To the editor,
Gunntown. The name conjures up the old west with its cattle rustlers and gunslingers. It’s where the good guys had a rough edge and the bad guys weren’t, well, all bad. The women were tough and young people had to grow up fast. Ironically, much of this description fits the real Gunntown. The only other thing west about Gunntown is that the neighborhood resides on the west side of Naugatuck.
In March of 1780, on one of those full moon nights that casts strong nocturnal shadows, a heinous robbery took place in Bethany. Tory thugs responsible for ransacking and terrorizing a family there made their way to Gunntown. Kidnapping a young boy along the way, there was an attempt to kill him along a bend in the Long Meadow Brook.
Simultaneously, colonial trackers, along with some of the boy’s family, were feverishly tracking down the marauders.
What followed had the chase qualities of a James Bond movie and the intensity of a Michael Crichton thriller. Two men and a woman stepped forward to save the young boy. One was a house slave. The other two were Tories. Why would any of them risk their lives in those times when a civil war atmosphere ruled the land? The answers can be complex for sure but one quality has to be part of the mix. Their basic humanity burst forth.
So Naugatuck’s history bristles with everyday heroes. It’s one of the many reasons that the proclaiming of the Gunntown Passive Park and Nature Preserve in 2010 by the town was such a singular achievement.
It’s forty acres, bookended by the old Gunn property and the Gunntown cemetery, contains a treasure of both natural and peoples’ history. How the passive open space, that is land with no impervious surfaces, was rescued had its own brand of everyday heroes. With personal gain minimal or nonexistent, they stepped up and took a stand. They put community first. Who were some of these everyday people?
Wayne Twerian was a chemistry and biology teacher at Watertown High School. He especially enjoyed conveying conservation ideas to his students. Wayne lived in Gunntown. He took the initiative to speak at town meetings on behalf of the passive open space there. He saw its biological richness. He particularly saw it as a living laboratory to benefit young people. I got to know Wayne better as we measured old growth forests together in the Terra del Fuego archipelago of Chile. Fittingly, he brought two of his students with him.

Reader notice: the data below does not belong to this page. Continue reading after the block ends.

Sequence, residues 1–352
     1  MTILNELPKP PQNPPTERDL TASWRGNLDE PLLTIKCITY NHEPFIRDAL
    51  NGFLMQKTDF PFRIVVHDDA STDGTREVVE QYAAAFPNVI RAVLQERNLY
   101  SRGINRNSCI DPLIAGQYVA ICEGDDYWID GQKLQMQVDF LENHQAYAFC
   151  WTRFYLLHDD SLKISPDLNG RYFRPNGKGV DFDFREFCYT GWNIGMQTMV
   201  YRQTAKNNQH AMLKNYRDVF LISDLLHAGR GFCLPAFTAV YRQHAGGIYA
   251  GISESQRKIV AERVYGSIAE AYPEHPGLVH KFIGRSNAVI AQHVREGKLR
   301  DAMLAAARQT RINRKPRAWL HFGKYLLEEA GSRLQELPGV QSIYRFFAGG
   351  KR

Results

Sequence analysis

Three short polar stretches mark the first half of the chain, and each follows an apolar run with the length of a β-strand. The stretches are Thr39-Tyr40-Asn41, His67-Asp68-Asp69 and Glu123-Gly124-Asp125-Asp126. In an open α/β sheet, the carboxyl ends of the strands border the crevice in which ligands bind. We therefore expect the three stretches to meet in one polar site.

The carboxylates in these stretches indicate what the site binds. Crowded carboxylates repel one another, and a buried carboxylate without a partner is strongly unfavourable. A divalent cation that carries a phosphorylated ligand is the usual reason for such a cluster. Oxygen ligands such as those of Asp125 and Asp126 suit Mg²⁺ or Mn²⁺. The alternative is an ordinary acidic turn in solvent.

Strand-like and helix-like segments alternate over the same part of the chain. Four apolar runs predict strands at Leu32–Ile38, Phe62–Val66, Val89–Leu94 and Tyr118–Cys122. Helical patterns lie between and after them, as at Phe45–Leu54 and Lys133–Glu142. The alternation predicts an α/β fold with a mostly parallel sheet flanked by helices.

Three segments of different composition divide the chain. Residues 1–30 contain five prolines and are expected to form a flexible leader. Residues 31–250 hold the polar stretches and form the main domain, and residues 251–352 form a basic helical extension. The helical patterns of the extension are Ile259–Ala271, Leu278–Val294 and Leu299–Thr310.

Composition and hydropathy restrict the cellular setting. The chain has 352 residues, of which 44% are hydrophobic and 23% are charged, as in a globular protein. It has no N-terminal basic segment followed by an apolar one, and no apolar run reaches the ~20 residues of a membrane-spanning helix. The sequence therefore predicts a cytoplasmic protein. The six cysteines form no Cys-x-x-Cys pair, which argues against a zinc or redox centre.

Maria Folsom was a Girl Scout den mother. The development of young women was integral to her razon de entre. When two of her brood became interested in preservation efforts at Gunntown, she had the common sense to move with them and the skills to guide them. I can still see her on the day she helped plant a birch tree from Henry David Thoreau’s Walden Pond at Gunntown. She attained high honors upon graduating from the nursing program at Mattatuck Community College. Maria was basically a shy person. She moved out of her comfort zone for her “girls” and for the community with her leadership.
At the first stirrings for passive open space at Gunntown, Ed Coelho was there. In retrospect, this was hardly surprising. Ed was a member of the Portuguese Political Action Committee and Friends of the Library in Naugatuck. This Vietnam veteran wrote poetry. He had a broad view of ethnic pride and culture. In fact, he made sure the latter word was incorporated in Committee For A Cultural/Environmental Center – Gunntown Road. We joined the Greater Western Connecticut Labor Council together, bringing our environmental concerns with us. Coffee after meetings was a must with Ed. There we discussed everything from politics, to family and literature. Family was everything to Ed. He saw his contributions to the community as an extension of helping his family and all families.
What Wayne Twerian, Maria Folsom, and Ed Coelho had in common was a dedication to community, particularly young people. While it took time and much discussion, over the last few years in particular, many recognize these latter attributes are shared with sports advocates as well. There is room for all of us. Wayne, Maria, and Ed have passed from this world. Their contribution to the community that resulted in the Gunntown Passive Park and Nature Preserve remains a fitting monument to their efforts.
Walking the trails and meadows at the Gunntown Passive Park and Nature Preserve, we amble with some special people. They were from our deep history and from the last century into the new millennium. None wanted the limelight. They wanted what became a fight, in one sense, for justice and fairness. They represented the everyday humanity and hero in our valley people. They earned the moniker that Paul Revere summed up in one word—citizen.
Community Outreach Director
Committee for a Cultural/Environmental Center–Gunntown Road